In one preferred embodiment, the switching element includes a particular field effect transistor which is derived from a MISFET, is known under the trade name HITFET and comprises an additional current monitor output. The switching off device(s) then tap the operating current, or a current signal which is dependent on the operating current in a uniquely defined way, at the current monitor output of the HITFET in order to generate the switching signal which is applied, or can be applied, to the control terminal of the HITFET, preferably via a tapping resistor.

In all the embodiments, the electronic protection element is formed on the basis of at least one semiconductor which has a breakdown field strength of at least 106 V/cm and/or an energy gap of at least 2 eV and is thus suitable for switching off relatively high voltages. As a result, the protection element can carry a particularly high proportion of the operating voltage in the event of danger. Suitable semiconductor materials are silicon carbide (SiC), in particular of the β-polytype (3C) or of an α-polytype, for example 15R, 4H or 6H polytype, gallium nitride (GaN), diamond, aluminum nitride (AIN) and indium nitride (InN). The preferred semiconductor material is silicon carbide (SiC) owing to its high breakdown strength, low power loss, high temperature resistance, chemical resistance and high thermal conductivity.

On the other hand, for the switching element the significant factor is to have the best possible switching behavior, and the dielectric strength is less significant and is largely performed via the protection element. The electronic switching element is therefore preferably constructed on the basis of one or more semiconductors made of the group of semiconductors comprising silicon (Si), gallium arsenide (GaAs) and germanium (Ge).

Although the protection element should now take up a large proportion (as large as possible) of the operating voltage dropping across the working circuit and correspondingly the Joule losses, for example, at least 70% and preferably at least 90%, in the event of danger, conversely it should have the lowest possible on state losses in the normal operating mode (rated operating mode), that is to say when there is a load which is operated normally without an overload or short circuit and when the rated currents are thus significantly lower. The ratio between the voltage dropping across the protection element and the voltage dropping across the switching element, and thus also the ratio between the Joule power loss which is released in the protection element and the Joule power loss which is released in the switching element, must be significantly lower in the rated operating mode than in the event of danger.

For this reason, the proportion of the voltage drop, and thus of the Joule thermal output, which is absorbed by the protection element preferably increases to a correspondingly high degree in the event of danger in comparison with the rated operating mode. The absolute value of the part of the operating voltage which drops across the switching element can then also be held below a predefined maximum value, for example 100 V or even 50 V. Such a voltage take-up at the protection element which, in the event of danger, rises in relation to the voltage take-up at the switching element can be achieved with a correspondingly current-limiting component.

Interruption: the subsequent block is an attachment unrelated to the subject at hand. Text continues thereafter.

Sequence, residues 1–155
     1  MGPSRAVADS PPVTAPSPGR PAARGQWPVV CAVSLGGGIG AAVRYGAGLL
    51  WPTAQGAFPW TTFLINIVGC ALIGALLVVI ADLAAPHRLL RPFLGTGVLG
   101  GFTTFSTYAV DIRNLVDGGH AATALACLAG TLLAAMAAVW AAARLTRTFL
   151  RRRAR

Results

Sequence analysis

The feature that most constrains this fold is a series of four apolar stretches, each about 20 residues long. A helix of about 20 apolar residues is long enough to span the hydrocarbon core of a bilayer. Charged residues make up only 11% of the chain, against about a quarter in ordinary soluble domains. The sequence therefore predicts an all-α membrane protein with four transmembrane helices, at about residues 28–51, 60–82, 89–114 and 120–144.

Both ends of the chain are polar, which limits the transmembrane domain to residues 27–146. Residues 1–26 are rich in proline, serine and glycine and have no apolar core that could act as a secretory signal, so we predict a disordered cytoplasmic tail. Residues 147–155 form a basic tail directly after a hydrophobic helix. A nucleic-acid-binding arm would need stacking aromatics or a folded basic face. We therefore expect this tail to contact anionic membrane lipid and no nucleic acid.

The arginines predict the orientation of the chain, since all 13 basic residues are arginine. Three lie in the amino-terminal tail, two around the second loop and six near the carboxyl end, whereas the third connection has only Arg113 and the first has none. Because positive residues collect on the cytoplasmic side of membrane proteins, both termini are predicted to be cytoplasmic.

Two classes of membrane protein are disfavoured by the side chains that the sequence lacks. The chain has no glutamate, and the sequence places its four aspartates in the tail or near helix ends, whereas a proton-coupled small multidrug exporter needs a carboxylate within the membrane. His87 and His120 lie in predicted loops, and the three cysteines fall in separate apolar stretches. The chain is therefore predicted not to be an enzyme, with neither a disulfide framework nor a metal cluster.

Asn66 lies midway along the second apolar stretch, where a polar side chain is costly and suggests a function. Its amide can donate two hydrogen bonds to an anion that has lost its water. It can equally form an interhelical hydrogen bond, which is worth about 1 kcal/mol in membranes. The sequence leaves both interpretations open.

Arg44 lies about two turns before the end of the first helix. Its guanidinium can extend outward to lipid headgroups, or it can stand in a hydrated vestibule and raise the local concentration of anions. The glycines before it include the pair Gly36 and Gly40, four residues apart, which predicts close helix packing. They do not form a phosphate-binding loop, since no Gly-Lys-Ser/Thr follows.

A component which exhibits a saturation behavior and in which therefore the current approaches a saturation current, or assumes it, as the voltage rises in the on state range in the current/voltage characteristic curve is particularly suitable. The upper limiting value for the voltage or current which is decisive for the occurrence of the dangerous situation, or defines it, in the working circuit is preferably within the range in which the protection element becomes, or has become, saturated. The protection element has a very flat current/voltage characteristic curve in its saturation. The sensitivity during the sensing of voltage is then significantly greater than when sensing current so that the monitoring of the voltage drop by way of the protection element or the working circuit with a protection element and switching element is particularly effective here. The saturation current of the protection element is preferably smaller, for example by a factor of at least 2 or even at least 3, than the thermal limiting current of the switching element. The thermal limiting current is the maximum permissible current at which thermal destruction does not yet take place.

The protection element can bear the applied off state voltage via at least a p-n type junction operated in the off state direction and/or at least a Schottky junction in which in each case the formation of depletion zones for switching off the voltage is characteristic.

Preferred component structures for the protection element and/or the switching element are JFET (Junction Field Effect Transistor), MESFET (Metal Semiconductor Field Effect Transistor) and/or MISFET, in particular MOSFET, structures.

In one particularly advantageous combination, the protection element is equipped with a JFET structure or a MESFET structure and the switching element is equipped with a MISFET structure. In the working circuit which can be referred to as a cascode circuit, the gate terminal of the JFET structure or MESFET structure of the protection element is then connected to the source terminal of the MISFET structure of the switching element, and the source terminal of the JFET structure or MESFET structure of the protection element is connected to the drain terminal of the MISFET structure of the switching element.